The slave that became a multimillionaire

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Biddy Bridget Mason (1815-1891)

She was born into slavery and “given” as a wedding gift to a Mormon couple in Mississippi named Robert and Rebecca Smith. In 1847 at age 32, Biddy Mason was forced to walk from Mississippi to Utah tending to the cattle behind her master’s 300-wagon caravan. She “walked” from Mississippi to Utah. That’s 1, 618.9 miles!

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After four years in Salt Lake City, Smith took the group to a new Mormon settlement in San Bernardino, California in search of gold. Biddy Mason soon discovered that the California State Constitution made slavery illegal, and that her master’s had a plan to move them all to Texas to avoid freeing them.

With the help of some freed Blacks she had befriended, she and the other Slaves attempted to run away to Los Angeles, but they were intercepted by Smith and brought back. However, when he tried to leave the state with his family and Slaves, a local posse prevented them from leaving.

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Biddy had Robert Smith brought into court on a writ of habeas corpus. She, her daughters, and the ten other Slaves were held in jail for their own safety to protect them from an angry and violent pro-slavery mob until the Judge heard the case and granted their freedom.

Now free, Mason and her three daughters moved to Los Angeles where they worked and saved enough money to buy a house at 331 Spring Street in downtown Los Angeles. Biddy was employed as a Nurse, Midwife, and Domestic Servant. She was one of the first Black women to own land in the city of Los Angeles.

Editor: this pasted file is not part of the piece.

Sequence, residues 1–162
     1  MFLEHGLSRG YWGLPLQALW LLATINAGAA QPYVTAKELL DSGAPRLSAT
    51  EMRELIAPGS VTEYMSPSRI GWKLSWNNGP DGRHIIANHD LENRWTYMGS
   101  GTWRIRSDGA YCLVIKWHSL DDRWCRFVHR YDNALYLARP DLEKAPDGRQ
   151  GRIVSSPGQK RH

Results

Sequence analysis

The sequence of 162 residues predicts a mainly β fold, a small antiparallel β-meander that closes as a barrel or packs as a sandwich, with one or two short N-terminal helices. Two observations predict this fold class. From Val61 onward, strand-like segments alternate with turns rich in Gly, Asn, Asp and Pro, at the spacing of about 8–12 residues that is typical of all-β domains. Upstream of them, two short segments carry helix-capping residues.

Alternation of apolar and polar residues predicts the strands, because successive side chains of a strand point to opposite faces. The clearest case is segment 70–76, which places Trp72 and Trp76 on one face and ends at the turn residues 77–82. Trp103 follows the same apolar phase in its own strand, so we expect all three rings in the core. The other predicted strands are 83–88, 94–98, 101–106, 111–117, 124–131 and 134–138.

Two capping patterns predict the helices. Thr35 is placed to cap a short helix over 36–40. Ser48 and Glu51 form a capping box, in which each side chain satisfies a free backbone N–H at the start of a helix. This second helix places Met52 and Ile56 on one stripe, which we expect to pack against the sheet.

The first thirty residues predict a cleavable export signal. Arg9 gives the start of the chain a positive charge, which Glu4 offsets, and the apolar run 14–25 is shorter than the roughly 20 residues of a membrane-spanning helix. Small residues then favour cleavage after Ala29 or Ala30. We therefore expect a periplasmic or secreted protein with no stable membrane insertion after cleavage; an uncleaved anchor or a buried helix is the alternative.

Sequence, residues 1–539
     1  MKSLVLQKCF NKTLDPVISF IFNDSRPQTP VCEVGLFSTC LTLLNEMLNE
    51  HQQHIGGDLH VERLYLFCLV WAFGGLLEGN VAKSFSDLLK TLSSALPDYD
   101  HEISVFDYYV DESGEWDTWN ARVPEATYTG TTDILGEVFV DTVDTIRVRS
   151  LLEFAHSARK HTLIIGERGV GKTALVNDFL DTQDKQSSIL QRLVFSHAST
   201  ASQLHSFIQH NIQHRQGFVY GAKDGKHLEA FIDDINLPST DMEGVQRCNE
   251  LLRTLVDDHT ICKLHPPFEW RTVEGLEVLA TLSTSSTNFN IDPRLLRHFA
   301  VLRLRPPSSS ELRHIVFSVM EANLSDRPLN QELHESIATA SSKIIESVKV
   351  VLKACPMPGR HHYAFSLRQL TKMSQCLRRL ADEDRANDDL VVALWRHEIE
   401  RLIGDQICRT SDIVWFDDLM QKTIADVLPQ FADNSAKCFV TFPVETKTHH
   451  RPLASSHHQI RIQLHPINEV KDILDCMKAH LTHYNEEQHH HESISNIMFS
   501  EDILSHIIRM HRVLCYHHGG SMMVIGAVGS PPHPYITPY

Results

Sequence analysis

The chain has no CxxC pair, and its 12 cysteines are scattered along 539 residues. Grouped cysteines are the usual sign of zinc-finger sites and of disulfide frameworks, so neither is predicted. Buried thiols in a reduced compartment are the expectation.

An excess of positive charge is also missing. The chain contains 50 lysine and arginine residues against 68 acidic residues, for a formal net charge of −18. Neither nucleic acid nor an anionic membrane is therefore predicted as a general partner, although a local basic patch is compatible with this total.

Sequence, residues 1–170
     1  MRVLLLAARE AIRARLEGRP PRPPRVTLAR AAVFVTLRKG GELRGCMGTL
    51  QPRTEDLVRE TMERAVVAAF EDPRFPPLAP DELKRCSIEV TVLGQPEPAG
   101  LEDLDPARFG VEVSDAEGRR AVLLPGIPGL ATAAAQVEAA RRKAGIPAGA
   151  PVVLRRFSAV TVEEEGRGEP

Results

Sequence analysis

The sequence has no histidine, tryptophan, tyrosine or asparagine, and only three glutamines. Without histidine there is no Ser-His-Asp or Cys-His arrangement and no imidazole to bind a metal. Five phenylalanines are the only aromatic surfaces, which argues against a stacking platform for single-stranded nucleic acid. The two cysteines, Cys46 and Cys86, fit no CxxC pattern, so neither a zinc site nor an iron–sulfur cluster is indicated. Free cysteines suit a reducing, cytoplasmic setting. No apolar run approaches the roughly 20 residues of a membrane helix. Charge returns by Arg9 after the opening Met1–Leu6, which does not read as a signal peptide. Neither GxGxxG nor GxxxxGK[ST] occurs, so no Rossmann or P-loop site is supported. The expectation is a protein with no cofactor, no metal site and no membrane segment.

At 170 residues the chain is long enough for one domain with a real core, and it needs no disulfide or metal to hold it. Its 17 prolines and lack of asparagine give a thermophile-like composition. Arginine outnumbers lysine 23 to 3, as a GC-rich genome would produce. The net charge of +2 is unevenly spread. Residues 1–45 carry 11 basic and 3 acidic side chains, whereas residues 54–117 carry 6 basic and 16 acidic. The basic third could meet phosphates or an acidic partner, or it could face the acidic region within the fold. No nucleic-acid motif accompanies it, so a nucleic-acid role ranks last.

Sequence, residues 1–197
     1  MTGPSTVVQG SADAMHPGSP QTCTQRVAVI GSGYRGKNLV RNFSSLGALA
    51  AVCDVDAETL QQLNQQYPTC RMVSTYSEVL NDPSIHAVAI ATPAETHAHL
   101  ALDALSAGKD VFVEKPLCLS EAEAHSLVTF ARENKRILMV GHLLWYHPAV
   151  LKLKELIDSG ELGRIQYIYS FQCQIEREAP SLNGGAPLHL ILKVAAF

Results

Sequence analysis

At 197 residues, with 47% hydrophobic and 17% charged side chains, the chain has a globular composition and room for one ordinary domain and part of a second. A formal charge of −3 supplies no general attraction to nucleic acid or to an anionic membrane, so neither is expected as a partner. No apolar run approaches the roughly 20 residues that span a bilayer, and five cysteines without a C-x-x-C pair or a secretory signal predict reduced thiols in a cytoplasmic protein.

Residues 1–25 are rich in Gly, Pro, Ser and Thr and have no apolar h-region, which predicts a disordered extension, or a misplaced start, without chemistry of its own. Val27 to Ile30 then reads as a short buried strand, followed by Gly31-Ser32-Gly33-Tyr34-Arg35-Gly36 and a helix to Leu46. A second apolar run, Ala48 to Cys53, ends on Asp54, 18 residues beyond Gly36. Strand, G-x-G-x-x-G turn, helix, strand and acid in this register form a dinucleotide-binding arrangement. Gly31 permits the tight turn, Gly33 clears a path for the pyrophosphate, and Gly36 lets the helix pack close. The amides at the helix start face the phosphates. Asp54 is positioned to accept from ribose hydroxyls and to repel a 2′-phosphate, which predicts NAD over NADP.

She had the intelligence and boldness to use part of her land as a temporary resting place for horses and carriages, and people visiting town paid money in exchange for the space. That particular area was considered the first “parking lot” in Los Angeles.

Knowing what it meant to be oppressed and friendless, Biddy Mason immediately began a philanthropic career by opening her home to the poor, hungry, and homeless. Through hard work, saving, and investing carefully, she was able to purchase large amounts of real estate including a commercial building, which provided her with enough income to help build schools, hospitals, and churches.

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Her financial fortunes continued to increase until she accumulated a fortune of almost $300,000. In today’s money, that would be $6M. Her most noted accomplishment is the founding of the First AME Church in California. In her tireless work she was known for saying “If you hold your hand closed, nothing good can come in. The open hand gives in abundance; even as it receives.”

Biddy Bridget Mason died on January 15, 1891 at the age of 76. On March 27, 1988, ninety one years after her death, a special occasion event was given in her honor by members of the church she helped founded. Mayor Tom Bradley was among the dignitaries in attendance. Black women are legendary.

Black History is American History

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